Making both ends meet

THE MONTH of January is about to end, but some of us have yet to pay debts incurred for Christmas and New Year splurges. Even we who think of ourselves as “middle class” grimace over unending rise in prices of food and other basic commodities.  

The unwelcome price increases scare wage earners whose pay hikes always lag behind.

More often than not, we respond by pinching pennies. To make both ends meet, we buy less of our basic needs – say, a half-kilo of meat instead of the previous one kilo at the risk of our family going undernourished. But it’s really a losing game because the value of our money has diminished.

Even the greedy merchants who impose higher prices for bigger profit eventually see the erosion of their own gains whenever they buy their own needs at higher prices, too. Sooner or later, whatever money they have saved in the bank, even if it earns interest, devaluates.

The phrase “A penny saved is a penny earned” no longer means what it says because it sheds its true value over time.

Therefore, why not make the most of it now?

Hasn’t the Great Book told us? “The love of money is the root of all evil” (1 Timothy 6:10).

Unfortunately, that “philosophy” could do more harm than good. A devalued peso has more value than no peso at all. Why not cost-cutting instead?

Alas, cost-cutting hardly compensates, especially if it means scrimping for three budget meals a day. While we can cut and slash expenses to the bone to conserve our bottom peso, the fact remains that we could get sick and unable to afford medical expenses anymore. Going into debt would then be unavoidable. 

The only way to keep pace with inflation is to earn more, which is an elusive dream for the average Filipino wage earner; or have a “sideline” or small business in which to prosper.

Those who demand wage increase but don’t get it are doomed to sink poorer.

Let’s take a look at the minimum wage earner making P12,000 monthly. If this were his income in the 1980s, he might have lived like a prince. Today, he has to endure a spartan existence (no TV, no ref, no computer, no phone) to have a roof over his head, and to feed, clothe and educate his children.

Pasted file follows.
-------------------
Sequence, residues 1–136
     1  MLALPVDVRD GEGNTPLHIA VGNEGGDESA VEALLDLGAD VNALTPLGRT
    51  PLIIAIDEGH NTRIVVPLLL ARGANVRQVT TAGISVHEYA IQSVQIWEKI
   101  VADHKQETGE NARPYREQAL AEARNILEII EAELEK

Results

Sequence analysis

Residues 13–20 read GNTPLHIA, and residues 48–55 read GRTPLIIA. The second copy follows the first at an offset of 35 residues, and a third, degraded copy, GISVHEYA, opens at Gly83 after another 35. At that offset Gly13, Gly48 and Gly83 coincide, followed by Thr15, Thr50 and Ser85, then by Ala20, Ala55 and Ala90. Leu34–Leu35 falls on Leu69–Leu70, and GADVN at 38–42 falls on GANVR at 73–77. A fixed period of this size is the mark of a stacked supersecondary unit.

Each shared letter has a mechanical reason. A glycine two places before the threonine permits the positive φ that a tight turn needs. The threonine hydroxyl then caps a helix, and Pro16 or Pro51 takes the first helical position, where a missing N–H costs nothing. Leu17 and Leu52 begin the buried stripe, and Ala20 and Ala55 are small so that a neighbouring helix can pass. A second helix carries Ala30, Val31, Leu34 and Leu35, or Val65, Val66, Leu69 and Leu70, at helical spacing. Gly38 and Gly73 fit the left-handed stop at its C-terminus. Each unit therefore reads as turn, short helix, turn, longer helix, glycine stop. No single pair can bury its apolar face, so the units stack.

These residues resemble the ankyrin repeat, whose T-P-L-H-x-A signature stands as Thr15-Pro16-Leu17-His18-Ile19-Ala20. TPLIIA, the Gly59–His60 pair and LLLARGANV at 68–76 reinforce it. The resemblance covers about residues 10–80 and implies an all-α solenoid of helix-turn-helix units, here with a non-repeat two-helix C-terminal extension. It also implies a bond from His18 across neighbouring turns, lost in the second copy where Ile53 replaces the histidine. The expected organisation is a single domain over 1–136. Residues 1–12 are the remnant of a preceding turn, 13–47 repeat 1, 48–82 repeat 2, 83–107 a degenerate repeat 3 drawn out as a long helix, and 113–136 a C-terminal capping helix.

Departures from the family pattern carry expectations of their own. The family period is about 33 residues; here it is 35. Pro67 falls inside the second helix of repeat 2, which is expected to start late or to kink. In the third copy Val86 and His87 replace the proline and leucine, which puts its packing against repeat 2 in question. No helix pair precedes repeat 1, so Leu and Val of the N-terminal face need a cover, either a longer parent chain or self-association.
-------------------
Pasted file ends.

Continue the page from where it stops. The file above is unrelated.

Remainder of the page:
When my neighbor TonyEli suffered business reversal, he literally hooked his children into moving from private to public school to save on tuition by offering them bigger daily baon.

Indeed the better challenge is always to beat inflation by outracing monetary inflation. There are cases, however, when getting it from increased income could aggravate the workers’ problem. For when laborers ask for wage hike across the board, their employer would need to hike prices of their products – which further fuels inflation. 

The better alternative would be to stimulate demand by keeping prices low and thus produce more products.  With more products selling like hotcakes, both the producer and the consumers benefit. This is the “secret” behind the success of small but export-oriented countries.

Working abroad for better pay is an option for Filipinos who no longer see the “future” in the local job market. As the song New York New York says, “If you can make it there, you’ll make it anywhere.”

Well, my only son is in New York. It’s good enough for me that he no longer asks money from me. ([email protected]/PN)


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